Topic: Ceremony and Traditions
HMAS Anzac in Sydney Harbour.
As the clock struck the 11th hour of the 11th day of November this year, HMAS
Anzac was sailing home across the Great Australian Bight after completing a challenging 12 week maintenance period away from her home port.
The Commanding Officer HMAS Darwin, Commander Phillip Henry with the Weapons Electrical Engineering Officer Lieutenant Commander Jason O'Gorman (Left), and the Marine Engineering Officer, Lieutenant Commander Trevor Henderson (Right)
Darwin heads towards being decommissioned in December, her Commanding Officer, Commander Phillip Henry, has the privilege of having served the longest time at the helm.
Commander Henry took command from Captain Terrence Morrison in June 2015 and will complete a two and half years in the top job.
A tugboat sends off HMAS Darwin from Darwin Harbour for the final time with a water cannon salute.
Darwin has completed her final port visit to Darwin, farewelling the city by exercising the right to Freedom of Entry and showcasing her capability to thousands of locals.
HMAS Toowoomba ship's company conduct guard training at sea enroute to Jakarta, Indonesia for an upcoming ceremonial sunset as part of Indo-Pacific Endeavour 17
Traditions of pomp and ceremony still have their place in a modern military – with the self-discipline required being reflected across all parts of Navy life.
HMAS Darwin comes alongside Stokes Hill Wharf, Darwin, for the last time before decommissioning in December 2017.
Darwin has sailed into her namesake port on her final visit after 33 years of service and more than a million nautical miles underway.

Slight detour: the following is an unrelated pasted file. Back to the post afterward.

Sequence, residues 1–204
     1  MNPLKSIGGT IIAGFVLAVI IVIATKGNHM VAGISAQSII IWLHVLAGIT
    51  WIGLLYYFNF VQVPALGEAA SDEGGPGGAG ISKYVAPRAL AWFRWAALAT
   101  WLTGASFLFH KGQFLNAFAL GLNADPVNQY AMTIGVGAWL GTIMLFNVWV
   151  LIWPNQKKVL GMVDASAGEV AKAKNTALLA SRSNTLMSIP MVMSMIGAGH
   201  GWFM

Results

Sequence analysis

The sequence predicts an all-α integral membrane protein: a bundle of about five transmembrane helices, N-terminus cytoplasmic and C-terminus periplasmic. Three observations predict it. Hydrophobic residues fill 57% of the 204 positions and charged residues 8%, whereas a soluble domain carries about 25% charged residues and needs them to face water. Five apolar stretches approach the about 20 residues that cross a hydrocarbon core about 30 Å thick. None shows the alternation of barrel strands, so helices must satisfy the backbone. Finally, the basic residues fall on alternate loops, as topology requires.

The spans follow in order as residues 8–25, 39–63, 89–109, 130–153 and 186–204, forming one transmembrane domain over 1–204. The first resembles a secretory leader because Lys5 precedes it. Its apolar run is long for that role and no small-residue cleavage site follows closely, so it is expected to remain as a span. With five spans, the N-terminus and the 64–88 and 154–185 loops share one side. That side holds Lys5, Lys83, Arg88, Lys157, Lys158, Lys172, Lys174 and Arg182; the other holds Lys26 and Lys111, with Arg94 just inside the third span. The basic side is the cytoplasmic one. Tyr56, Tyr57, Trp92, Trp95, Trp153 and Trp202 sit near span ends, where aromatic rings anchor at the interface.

Member of General Entry 357 Taylor Division Recruit Rob Hilton with his dad Chief Petty Officer Peter Hilton and his mum, ex-Chief Petty Officer Linda Hilton.
The power of the number seven was widely discussed by one particular family at the recent Recruit School Graduation parade for GE 357 in HMAS
Seaman Brenton Knight is training to be a Combat Systems Operator at HMAS Stirling, Western Australia.
Historically, bugles sounded to command the crew of warships, and in this case, the echoes signalled an inspiration to join the Royal Australian Navy.
November 30, 2017 by Department of Defence (author), ABIS Steven Thomson (photographer)
The Passing out Parade marks the conclusion of the New Entry Officers' Course at HMAS Creswell. The day is the culmination of nineteen weeks of hard work and represents the completion of their non-specialist initial officer training. The new entry officers' are paraded as a guard on the Quarterdeck and marched past the Reviewing Officer in their ceremonial uniforms.
After five months of intensive training, Navy has graduated its newest group of officers from the Royal Australian Naval College, HMAS
Ship's Company of HMAS Huon prior to conducting a Freedom of Entry into Huonville.
Huon capped off a South West Pacific deployment recently with the final of six port visits to Hobart, Tasmania, and her nearby namesake city of Huonville.
Able Seaman Medic (ABMED) Lillie Heymann from Joint Logistics Command, HMAS Cerberus (left), and Leading Seaman Maritime Logistics Personnel Operations (LSML-P) Zoraya Tibos, from Recruit School, HMAS Cerberus (right), hold the real 'Women in War' Stamps.
In the lead-up to Remembrance Day, Australia Post, with the assistance of five proud serving Australian Defence Force women, launched a ‘Women in War’ series of stamps on the steps of the Shrine of Remembrance in Melbourne.